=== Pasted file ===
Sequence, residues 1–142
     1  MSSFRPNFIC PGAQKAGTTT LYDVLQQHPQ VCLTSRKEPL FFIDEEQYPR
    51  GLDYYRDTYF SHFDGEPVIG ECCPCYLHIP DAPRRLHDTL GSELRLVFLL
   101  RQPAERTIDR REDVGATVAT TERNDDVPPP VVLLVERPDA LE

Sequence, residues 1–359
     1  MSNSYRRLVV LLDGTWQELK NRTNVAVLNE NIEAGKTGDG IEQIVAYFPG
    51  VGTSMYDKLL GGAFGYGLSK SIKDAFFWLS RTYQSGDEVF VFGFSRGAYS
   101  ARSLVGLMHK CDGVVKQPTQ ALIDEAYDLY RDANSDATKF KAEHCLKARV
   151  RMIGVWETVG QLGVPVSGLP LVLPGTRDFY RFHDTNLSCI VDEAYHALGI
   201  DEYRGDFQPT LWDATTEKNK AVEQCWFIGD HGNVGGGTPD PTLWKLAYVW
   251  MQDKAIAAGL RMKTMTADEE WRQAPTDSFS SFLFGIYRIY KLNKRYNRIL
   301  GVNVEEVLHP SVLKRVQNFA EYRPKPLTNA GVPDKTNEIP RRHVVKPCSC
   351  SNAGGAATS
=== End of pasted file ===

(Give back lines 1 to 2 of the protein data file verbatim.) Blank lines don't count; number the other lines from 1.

Sequence, residues 1–142
     1  MSSFRPNFIC PGAQKAGTTT LYDVLQQHPQ VCLTSRKEPL FFIDEEQYPR